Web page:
‘Sweets and ice cream’: London terror police swoop… on candy shop
Manager Somirle Ali was “shocked” when police stormed into the shop, based inside Hayfield Masala Indian restaurant in Mile End, just after 10am on Thursday.
“I was shocked,” Ali told the Evening Standard. “We have got nothing more terrifying here than sweets, ice cream and Indian food. We couldn’t be further from being a terror threat.”
The sweet shop was targeted because it had previously housed a branch of Yummy Yummy, a chain with alleged links to Choudary. The shop is understood to have been rented out to a relative, but closed in December.
“I didn’t know what the police were expecting to find but there was nothing here,” Ali added.
“To be fair, we did have some old Yummy Yummy sweet containers, but other than that we have nothing to do with them.”
Ali said officers spent two hours searching storerooms, a kitchen and a hostel above, but took no evidence with them. He suspected police had been carrying out surveillance on the shop, because Choudary had come in to eat there with friends on Wednesday night.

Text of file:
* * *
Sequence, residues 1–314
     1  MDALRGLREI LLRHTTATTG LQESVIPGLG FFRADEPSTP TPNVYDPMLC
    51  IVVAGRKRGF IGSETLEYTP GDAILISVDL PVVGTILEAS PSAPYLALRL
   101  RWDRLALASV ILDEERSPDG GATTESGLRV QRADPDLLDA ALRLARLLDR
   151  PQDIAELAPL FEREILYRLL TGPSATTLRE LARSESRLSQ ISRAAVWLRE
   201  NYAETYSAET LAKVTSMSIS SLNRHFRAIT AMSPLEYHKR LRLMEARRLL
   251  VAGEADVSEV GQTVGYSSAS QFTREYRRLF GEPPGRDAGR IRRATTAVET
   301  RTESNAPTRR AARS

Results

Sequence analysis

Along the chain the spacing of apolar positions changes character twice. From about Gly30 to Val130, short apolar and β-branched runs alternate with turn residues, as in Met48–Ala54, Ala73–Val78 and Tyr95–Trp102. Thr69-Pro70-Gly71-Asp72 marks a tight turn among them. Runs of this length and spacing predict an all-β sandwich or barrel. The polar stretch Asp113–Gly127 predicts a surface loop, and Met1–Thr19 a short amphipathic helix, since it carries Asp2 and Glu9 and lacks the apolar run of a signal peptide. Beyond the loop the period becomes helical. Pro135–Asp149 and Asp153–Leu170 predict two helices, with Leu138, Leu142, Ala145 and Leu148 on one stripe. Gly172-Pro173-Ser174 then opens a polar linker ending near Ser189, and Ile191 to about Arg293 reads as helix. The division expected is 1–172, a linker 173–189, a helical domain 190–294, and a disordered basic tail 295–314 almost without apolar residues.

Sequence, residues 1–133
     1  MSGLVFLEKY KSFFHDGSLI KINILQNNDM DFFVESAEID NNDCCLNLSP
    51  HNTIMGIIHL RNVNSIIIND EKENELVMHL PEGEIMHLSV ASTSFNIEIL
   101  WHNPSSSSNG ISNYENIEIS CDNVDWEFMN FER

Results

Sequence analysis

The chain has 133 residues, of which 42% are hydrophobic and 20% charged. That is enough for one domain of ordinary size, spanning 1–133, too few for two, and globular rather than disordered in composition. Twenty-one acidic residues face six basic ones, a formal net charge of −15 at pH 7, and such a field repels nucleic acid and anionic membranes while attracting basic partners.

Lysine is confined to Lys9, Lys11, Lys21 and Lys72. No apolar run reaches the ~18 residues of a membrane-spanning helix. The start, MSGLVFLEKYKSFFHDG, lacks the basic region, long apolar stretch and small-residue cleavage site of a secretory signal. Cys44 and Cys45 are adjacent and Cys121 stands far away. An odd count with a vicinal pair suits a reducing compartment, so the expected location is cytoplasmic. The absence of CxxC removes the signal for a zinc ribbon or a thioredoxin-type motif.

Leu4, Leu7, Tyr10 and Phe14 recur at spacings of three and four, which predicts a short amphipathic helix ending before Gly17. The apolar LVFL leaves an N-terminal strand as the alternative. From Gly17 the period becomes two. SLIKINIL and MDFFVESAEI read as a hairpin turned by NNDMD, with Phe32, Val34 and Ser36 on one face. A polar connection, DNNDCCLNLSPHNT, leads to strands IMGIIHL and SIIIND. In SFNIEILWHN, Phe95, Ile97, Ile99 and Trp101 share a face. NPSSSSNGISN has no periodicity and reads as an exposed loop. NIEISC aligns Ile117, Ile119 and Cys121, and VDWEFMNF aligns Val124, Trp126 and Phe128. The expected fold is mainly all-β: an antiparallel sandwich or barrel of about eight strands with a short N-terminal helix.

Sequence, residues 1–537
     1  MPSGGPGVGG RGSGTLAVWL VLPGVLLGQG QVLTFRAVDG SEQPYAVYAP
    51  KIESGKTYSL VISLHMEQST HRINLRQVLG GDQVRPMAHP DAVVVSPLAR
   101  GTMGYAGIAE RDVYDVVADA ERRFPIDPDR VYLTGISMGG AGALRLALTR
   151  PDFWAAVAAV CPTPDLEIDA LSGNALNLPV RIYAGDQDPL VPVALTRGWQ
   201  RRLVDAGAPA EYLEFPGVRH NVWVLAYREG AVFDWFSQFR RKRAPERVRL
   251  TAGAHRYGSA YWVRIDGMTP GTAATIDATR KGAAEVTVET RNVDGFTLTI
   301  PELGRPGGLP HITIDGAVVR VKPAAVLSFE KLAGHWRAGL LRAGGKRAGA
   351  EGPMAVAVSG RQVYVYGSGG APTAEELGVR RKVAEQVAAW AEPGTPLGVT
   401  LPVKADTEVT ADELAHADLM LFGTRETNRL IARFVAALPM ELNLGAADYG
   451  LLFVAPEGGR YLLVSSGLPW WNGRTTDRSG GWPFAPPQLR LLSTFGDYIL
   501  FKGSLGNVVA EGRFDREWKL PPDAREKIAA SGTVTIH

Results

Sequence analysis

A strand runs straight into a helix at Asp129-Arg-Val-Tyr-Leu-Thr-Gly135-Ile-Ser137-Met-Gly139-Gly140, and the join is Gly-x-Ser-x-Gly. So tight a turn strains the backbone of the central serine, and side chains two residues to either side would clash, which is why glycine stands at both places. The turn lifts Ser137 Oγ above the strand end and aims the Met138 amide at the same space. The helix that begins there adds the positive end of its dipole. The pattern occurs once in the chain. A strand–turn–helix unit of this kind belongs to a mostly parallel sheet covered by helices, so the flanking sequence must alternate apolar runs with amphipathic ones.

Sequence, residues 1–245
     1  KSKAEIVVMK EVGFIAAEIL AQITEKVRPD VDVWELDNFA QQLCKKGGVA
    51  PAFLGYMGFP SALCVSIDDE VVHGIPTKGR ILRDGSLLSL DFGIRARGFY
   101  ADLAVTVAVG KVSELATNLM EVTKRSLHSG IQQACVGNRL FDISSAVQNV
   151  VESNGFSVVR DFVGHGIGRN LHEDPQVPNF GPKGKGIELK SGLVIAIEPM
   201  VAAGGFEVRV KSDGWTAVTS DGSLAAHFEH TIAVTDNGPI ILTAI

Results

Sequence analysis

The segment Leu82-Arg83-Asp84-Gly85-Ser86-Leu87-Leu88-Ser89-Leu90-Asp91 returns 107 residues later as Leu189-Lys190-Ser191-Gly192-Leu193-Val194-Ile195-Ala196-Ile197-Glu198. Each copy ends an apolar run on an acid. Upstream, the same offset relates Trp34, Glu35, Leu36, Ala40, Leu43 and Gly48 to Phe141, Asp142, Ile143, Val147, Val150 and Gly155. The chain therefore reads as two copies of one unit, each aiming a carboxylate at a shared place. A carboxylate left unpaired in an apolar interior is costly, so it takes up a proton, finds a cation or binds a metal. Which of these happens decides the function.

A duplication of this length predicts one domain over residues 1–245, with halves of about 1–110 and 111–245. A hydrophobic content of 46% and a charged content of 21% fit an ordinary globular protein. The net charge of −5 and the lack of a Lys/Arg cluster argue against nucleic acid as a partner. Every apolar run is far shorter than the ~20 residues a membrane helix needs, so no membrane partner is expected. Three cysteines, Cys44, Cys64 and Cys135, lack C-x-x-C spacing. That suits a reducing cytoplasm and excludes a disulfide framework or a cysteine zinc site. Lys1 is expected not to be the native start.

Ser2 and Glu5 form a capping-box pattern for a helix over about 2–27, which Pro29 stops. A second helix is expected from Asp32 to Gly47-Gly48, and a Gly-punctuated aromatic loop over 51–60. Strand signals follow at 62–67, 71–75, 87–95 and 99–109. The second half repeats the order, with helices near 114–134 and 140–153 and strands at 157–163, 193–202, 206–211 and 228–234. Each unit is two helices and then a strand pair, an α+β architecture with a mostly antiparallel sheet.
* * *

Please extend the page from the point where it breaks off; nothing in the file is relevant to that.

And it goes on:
Choudary, one of the highest-profile jihadist radicals in Britain, was arrested along with five others on Thursday and two further suspects on Friday.
The men were arrested by members of the Metropolitan Police Service's Counter Terrorism Command on suspicion of being members of, or supporting, the banned organization, Al-Muhajiroun, and encouraging terrorism, police said.
The group is also known as Islam4UK, and Anjem Choudary is said to be the group’s leader.
Scotland Yard said 19 properties across London and in Stoke-on-Trent in central England were searched.
A number of commercial properties, including the Yummy Yummy sweet shop in New Road, Whitechapel, believed still to be run by a relative of Choudary, have been searched.